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Petrobras shares jumped more than 15 percent on Tuesday, their biggest one-day jump in 16 years, after a local newspaper reported that Brazilian President Dilma Rousseff has decided to replace the chief executive officer of the embattled state-run oil company.
The presidential press office denied the report in Folha de S.Paulo, but confirmed that the president and the company's CEO, Maria das Graças Foster, met at the presidential palace in Brasilia late on Tuesday. They declined to say what was on the agenda.
After the meeting, Folha reported that Rousseff and Foster had agreed that the most senior Petrobras executives would step down at the end of the month. The paper did not say how it obtained the information.
Petroleo Brasileiro, as Petrobras is formally known, declined to comment.
Investors are betting new leadership will help restore credibility to the scandal-tainted firm and ramp up production and boost profits, traders said.
Petrobras preferred shares, the company's most-traded class jumped 15.5 percent in Sao Paulo to close at 10 reais, a five-day high. Tuesday's gain was the largest one-day jump since Jan. 15, 1999.
Pressure has been mounting on Rousseff to clean up Petrobras, whose reputation suffered with the arrest and testimony of three former senior executives and three dozen others, including executives of major suppliers.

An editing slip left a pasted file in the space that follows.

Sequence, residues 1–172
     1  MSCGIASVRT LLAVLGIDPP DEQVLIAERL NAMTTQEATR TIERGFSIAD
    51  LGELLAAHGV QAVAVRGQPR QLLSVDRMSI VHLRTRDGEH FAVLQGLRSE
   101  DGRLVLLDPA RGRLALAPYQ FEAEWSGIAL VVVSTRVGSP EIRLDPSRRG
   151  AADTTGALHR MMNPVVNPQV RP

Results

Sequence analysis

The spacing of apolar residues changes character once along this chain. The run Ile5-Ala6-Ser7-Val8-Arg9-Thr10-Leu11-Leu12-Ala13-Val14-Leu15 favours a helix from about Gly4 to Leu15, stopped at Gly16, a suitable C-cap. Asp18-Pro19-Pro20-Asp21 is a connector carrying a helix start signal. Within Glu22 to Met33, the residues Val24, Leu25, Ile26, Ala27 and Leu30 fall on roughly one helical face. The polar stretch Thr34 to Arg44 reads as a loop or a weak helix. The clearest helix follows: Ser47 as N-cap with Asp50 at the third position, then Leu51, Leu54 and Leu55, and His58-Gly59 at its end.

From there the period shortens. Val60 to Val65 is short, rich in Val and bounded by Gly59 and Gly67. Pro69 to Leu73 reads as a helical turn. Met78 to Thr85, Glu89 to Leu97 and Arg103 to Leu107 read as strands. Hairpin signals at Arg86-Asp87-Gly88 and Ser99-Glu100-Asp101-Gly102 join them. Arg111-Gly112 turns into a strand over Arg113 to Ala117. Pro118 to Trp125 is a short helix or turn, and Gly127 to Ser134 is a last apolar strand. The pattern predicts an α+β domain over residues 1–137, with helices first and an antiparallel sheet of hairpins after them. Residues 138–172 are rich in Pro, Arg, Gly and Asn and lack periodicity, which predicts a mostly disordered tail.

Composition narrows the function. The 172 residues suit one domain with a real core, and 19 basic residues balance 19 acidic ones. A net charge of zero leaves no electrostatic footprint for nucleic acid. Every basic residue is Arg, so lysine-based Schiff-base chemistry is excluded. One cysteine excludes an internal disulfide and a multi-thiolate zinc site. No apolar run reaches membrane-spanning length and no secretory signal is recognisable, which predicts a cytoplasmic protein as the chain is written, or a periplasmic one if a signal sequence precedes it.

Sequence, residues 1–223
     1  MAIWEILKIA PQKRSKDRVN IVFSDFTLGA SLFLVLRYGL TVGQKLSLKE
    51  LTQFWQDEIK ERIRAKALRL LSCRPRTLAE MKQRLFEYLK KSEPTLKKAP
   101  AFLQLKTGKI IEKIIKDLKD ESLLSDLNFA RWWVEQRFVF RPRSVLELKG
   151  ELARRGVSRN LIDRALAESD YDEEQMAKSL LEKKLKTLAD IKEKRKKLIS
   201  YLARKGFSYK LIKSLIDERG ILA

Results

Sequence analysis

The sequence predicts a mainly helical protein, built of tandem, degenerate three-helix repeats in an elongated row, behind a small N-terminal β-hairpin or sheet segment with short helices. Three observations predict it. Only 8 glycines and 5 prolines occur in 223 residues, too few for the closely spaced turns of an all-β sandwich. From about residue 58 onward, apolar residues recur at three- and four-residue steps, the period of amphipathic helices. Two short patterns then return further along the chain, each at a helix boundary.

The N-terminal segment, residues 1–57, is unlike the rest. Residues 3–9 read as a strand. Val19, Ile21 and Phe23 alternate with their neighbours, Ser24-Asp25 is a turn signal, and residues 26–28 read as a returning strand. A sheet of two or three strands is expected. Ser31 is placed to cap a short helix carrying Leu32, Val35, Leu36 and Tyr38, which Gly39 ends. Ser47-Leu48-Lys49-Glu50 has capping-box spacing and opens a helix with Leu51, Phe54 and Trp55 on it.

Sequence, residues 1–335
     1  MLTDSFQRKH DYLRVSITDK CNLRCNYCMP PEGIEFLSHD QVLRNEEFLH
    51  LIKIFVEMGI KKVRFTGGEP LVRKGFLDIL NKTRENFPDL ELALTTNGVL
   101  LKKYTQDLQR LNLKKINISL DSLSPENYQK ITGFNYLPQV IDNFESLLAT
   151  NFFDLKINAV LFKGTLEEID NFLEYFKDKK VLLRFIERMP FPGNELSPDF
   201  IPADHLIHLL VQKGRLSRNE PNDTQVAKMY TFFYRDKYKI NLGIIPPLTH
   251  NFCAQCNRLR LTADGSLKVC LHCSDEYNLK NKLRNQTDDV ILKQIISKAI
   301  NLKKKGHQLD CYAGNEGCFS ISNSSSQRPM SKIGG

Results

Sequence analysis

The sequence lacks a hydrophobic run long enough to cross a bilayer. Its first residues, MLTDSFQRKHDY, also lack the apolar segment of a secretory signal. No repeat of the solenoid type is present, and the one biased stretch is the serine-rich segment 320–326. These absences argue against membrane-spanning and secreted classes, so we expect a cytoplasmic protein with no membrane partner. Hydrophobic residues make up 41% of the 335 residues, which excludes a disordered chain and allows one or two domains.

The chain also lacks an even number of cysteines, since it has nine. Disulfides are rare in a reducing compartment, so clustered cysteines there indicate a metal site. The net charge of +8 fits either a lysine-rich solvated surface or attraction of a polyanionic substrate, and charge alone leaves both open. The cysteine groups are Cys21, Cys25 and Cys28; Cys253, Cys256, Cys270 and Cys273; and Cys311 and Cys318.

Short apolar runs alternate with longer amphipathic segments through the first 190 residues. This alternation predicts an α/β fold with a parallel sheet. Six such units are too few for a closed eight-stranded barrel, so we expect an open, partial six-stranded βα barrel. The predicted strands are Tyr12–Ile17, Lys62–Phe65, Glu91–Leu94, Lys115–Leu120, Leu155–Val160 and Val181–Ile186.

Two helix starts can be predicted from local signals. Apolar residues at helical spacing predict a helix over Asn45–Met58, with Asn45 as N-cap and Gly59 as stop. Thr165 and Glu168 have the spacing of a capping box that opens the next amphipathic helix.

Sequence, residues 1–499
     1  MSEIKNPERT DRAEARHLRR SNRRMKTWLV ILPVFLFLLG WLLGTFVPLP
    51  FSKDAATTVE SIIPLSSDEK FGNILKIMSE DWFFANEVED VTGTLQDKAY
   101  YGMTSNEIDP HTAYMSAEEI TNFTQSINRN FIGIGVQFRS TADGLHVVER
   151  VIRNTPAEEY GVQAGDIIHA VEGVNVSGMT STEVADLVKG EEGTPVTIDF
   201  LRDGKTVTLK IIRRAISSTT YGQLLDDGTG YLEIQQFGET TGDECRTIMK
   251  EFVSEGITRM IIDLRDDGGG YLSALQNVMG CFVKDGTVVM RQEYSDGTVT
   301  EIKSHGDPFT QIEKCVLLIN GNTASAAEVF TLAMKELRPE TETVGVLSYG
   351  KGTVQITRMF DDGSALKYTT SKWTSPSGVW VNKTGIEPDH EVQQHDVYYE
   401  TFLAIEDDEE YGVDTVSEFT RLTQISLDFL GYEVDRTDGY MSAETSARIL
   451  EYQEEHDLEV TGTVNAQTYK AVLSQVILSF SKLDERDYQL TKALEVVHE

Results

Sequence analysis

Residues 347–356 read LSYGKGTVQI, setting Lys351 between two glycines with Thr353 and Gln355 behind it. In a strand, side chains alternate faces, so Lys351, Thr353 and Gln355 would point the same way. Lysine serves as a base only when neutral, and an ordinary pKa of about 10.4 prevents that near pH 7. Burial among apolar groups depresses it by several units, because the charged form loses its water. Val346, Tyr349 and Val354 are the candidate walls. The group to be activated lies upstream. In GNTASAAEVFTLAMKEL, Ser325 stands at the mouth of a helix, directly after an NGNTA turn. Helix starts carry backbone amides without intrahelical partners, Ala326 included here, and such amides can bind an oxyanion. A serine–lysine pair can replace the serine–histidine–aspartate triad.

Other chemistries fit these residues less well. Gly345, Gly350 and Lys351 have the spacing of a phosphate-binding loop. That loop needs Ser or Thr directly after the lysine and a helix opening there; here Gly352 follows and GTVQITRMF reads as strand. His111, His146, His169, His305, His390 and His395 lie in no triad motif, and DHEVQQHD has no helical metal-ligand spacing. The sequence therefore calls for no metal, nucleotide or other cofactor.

Police say they have uncovered a price-fixing, bribery and political kickback scheme that allegedly benefited Rousseff's ruling Workers' Party as well as others. The illegal activity, authorities allege, diverted at least $3.7 billion and perhaps more than $28 billion from Petrobras coffers.
Petrobras said last week that the corruption was one of several factors that helped wipe out a net 61.4 billion reais ($22.7 billion) from the value of its assets, such as refineries and oil platforms, but refused to take a charge against earnings.
Re-elected in October, Rousseff has stood firmly behind Foster, a long-time associate. A Petrobras employee since the 1970s, Foster moved up company ranks rapidly during Rousseff's 2003-2010 stint as chairwoman of Petrobras' board of directors.
Foster, who has publicly acknowledged that she had previously offered to resign, has said she did nothing wrong.
A separate report in Folha said Finance Minister Joaquim Levy has been sounding out potential replacements for Foster. Police plan to question a Petrobras employee on Tuesday who said she warned Foster of the corruption but was ignored, the G1 news service reported.
Rousseff's predecessor, former Brazilian President Luiz Inacio Lula da Silva, also plans to pressure Rousseff to drop Foster, according to Folha's print edition.